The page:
Born in 1951, Leah Shakdiel is part of a rare breed from Israel of a “Modern Orthodox” (non-Haredi and Zionist) woman who is also a tireless progressive and campaigner for peace. She was recently caught up in Israel’s summer protest movement for social justice, serving as the volunteer chairperson of a ten-person “vision committee” to frame a succinct statement of the movement’s ongoing agenda.
On the evening of Sept. 14, Partners for Progressive Israel hosted (at a private home in Manhattan) a standing-room-only crowd, which was enthralled by her wise and witty talk on the nature of Israel’s summer of protest and where this spontaneous eruption may lead Israel in the future.
1. A racist version of Judaism (and of Islam among Israel’s neighbors), which must be countered by a humanistic approach to religion.
2. A mindset that justifies force and militarism (using Jewish victimhood during the Holocaust as an excuse); she argues for promoting a more positive sense of what it means to be a Jew, including among the non-religious majority of Israelis.
3. A business-oriented ideal of maximizing profit, even at the expense of vital social values and interests. For this reason, Israel’s vaunted traditional social safety net has been shredded and its previously high standards of education and health care are in precipitous decline.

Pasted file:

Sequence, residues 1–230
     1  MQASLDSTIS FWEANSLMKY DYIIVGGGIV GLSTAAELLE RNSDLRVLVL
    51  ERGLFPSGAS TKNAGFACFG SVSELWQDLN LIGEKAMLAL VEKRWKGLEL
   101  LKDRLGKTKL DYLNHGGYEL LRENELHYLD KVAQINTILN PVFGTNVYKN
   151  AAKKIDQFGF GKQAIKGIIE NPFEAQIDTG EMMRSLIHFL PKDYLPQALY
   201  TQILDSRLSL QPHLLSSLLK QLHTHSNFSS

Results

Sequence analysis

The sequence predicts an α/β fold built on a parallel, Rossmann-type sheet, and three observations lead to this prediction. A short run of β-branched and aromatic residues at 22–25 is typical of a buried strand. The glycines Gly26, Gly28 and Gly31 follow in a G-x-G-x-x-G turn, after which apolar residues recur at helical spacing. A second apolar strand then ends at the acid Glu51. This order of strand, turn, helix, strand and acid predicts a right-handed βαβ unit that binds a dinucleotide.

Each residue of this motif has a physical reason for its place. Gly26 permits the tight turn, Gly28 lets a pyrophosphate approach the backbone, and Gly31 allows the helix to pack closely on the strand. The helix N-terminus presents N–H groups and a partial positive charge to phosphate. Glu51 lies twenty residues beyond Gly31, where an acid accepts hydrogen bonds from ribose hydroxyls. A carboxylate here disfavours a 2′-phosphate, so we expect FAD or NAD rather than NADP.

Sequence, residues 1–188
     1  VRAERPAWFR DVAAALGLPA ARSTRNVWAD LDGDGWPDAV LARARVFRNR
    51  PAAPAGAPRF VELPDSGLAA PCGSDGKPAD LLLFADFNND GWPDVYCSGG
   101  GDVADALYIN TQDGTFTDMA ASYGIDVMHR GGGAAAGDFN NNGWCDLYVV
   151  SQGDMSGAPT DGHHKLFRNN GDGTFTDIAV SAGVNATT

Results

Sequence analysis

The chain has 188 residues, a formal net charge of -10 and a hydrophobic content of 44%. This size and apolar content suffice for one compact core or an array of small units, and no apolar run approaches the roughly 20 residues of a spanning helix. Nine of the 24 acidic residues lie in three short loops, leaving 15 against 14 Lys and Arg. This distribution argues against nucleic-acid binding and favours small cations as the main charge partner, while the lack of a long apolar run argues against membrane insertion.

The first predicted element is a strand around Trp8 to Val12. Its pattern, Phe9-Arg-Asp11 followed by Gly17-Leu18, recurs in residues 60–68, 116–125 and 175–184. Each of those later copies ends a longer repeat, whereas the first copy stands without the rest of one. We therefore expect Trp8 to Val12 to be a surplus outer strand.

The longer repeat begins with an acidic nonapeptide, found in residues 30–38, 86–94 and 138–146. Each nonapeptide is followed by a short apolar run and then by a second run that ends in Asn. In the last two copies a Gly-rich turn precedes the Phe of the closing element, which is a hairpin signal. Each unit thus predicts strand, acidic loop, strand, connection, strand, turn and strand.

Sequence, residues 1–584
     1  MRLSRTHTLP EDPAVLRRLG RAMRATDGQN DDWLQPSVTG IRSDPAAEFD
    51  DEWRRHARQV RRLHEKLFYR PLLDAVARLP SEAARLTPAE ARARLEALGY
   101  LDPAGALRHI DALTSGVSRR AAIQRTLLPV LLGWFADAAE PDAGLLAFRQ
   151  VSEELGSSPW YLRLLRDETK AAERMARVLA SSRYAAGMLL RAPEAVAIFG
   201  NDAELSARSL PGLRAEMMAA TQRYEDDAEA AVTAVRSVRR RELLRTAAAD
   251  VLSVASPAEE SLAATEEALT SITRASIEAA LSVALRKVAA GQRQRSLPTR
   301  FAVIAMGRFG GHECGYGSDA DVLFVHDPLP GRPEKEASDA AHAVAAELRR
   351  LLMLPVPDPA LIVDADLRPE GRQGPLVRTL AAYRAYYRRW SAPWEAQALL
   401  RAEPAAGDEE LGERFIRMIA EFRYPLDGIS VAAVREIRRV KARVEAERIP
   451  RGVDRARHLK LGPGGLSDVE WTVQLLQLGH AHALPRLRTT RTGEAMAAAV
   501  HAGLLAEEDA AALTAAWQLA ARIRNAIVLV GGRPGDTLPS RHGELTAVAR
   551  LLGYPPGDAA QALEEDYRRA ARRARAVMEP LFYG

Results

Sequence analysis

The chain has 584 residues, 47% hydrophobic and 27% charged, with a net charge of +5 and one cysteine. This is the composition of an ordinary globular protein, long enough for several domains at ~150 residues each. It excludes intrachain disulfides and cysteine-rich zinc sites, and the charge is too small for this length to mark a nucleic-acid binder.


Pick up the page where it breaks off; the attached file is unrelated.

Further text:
She extols how the protest movement now legitimizes people taking social issues seriously and expressing their views. She also explained how compromises have had to be made to keep the movement going. For example, her vision committee had to delete a reference to the “Hebrew prophets” from the 13th paragraph of Israel’s Declaration of Independence (regrettably in her view), while quoting other words from that document, in order to keep Arab Israelis from walking out. And instead of including a reference to the budgetary drain inflicted on Israel by subsidizing the settlements (which she would have favored), there was no mention of the Occupation. But even among the many protesters who are generally right-wing on this issue, there was an attitude she described as neutral on whether or not there should be a Palestinian state, and a feeling that what transpires in September at the UN, or even the terror attacks that occurred in the summer, were not their main concerns; these issues would not be permitted to divert them from pressing for the revival of a 21st century version of the “welfare state.”
It’s hard to say what all this may concretely achieve in Israel, but we are left with the following observations made by Ms. Shakdiel: A half-million of Israel’s seven million citizens took to the streets. This she says is not a vague “estimate” but an accurate measure stemming from the use of cell phone technology. And there are very conscious ongoing efforts for the movement to embrace an inclusive view of “communities,” instead of the previously separated ethnic, religious and geographic (center vs. periphery) “sectors” of the population.